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Nikon V1 Digital Camera Review$899.95
The Nikon V1's main advantages for beginners are its relatively uncomplicated control scheme and straight to-the-point menu system. It's still not as intuitive as those found on Canon DSLRs, but it's miles better than what Nikon generally offers in their interchangeable lens cameras. The easiest thing about the camera is that, in every shooting mode, when you press menu the first option that is available is the "Reset shooting options" setting. This means that whatever you screw up, you can easily return to normal with just a couple of button presses. This should go a long way toward easing the fears of those stepping up from point-and-shoots who just want to learn the camera at their own pace.
The other feature that really aids beginners is the smart photo selector mode, which is right on the physical mode dial. This mode takes a large buffer of images from the time you half-press the shutter button until you take a photo. It then captures what it feels are the five best shots from before and after you pressed the button, saving those to the memory card and showing you the best one.
Buttons & Dials
The buttons on the Nikon V1 all look very stylish and are easy to use, offering a solid response and an audible click when they've been engaged. The buttons have very little travel, and it's easy to navigate through the menu or multiple options as a result. The rear control dial feels a little loose, but it's easy to rotate it several times with the thumb, as it doesn't require much force to go from point to point.
Effects, Filters, and Scene Modes
The Nikon V1 doesn't include much in the way of selectable effects, filters, or scene modes on the camera. You can use the four standard PASM modes or the scene auto selector, which automatically decides which scene mode that it wants to employ, with no user overrides. In playback you can do some very minor editing, but nothing that would drastically or creatively alter your images to any great degree.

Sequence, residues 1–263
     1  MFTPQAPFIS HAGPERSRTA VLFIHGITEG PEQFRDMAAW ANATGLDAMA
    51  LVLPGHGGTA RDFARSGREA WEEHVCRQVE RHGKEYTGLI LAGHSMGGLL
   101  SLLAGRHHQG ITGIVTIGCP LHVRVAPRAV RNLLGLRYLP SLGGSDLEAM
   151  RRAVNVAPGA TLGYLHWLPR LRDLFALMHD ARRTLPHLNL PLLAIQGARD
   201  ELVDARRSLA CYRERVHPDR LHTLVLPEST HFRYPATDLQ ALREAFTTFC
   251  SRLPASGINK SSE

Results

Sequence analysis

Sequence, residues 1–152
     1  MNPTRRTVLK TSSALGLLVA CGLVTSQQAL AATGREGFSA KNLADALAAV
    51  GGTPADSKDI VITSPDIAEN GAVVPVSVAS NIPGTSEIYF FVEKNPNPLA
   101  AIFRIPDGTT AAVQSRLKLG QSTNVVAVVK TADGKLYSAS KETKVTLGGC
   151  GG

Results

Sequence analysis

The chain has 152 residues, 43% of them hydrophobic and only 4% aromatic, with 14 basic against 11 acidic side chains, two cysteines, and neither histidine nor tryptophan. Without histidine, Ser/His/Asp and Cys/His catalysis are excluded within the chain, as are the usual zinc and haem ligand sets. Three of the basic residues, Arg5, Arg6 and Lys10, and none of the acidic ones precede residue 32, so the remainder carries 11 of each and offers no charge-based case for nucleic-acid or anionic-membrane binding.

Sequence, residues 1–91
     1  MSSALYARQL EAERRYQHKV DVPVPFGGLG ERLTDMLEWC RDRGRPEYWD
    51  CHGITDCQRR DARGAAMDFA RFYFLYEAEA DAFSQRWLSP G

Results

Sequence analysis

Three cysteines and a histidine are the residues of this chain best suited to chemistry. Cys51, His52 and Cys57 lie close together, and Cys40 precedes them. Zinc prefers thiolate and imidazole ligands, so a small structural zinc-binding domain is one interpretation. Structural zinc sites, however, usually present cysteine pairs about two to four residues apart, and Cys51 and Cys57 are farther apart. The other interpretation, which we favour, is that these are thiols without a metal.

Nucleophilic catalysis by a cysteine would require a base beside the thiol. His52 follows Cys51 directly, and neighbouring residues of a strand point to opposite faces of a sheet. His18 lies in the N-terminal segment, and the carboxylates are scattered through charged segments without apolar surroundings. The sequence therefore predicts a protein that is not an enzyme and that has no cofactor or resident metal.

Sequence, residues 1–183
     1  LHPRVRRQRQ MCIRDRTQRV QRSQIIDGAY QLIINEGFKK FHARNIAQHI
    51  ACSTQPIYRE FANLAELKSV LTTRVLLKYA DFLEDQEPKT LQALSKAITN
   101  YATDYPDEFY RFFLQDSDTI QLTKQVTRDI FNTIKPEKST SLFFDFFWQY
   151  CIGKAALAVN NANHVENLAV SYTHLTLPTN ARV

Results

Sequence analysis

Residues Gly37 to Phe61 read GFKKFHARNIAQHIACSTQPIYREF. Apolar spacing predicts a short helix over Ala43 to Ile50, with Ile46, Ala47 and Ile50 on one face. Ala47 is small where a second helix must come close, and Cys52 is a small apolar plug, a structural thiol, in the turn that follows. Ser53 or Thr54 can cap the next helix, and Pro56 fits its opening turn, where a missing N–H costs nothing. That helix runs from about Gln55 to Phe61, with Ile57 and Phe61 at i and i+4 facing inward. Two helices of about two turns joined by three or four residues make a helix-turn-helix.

The menu on the Nikon V1 is practically identical to the menu on the J1. It's laid out in a manner similar to Nikon's DSLRs, with three tabs on the left side of the screen that are accessible by pressing the left key on the rear control pad. Within each tab, options are presented in a long list, with no easy way to move between pages. This is in line with what they've done in the past, and it's a shame because it can often involve scrolling through a page or two of options before getting to the one you want.
The loose control dial does help here, though, as you can quickly scroll down many options with a few turns of the dial. Still, this method is definitely inferior to the way Canon and Samsung lay their menus out, with tabs aligned horizontally on the top of the screen and multiple pages that don't require scrolling to get through. This is a fundamental issue with Nikon's menu system that really needs to be changed in the future, as it slows down menu navigation and only steepens the learning curve.
The Nikon V1 includes a printed manual and a more in-depth reference guide on a CD-ROM. The reference guide is available in .pdf format in English, Spanish, French, and Portugese. The manual does a good job of explaining the basics, with diagrams and step-by-step guides for using certain features. Nikon also has an online service called Digitutor which is available with specific instructions for the V1, available at Nikon USA's website.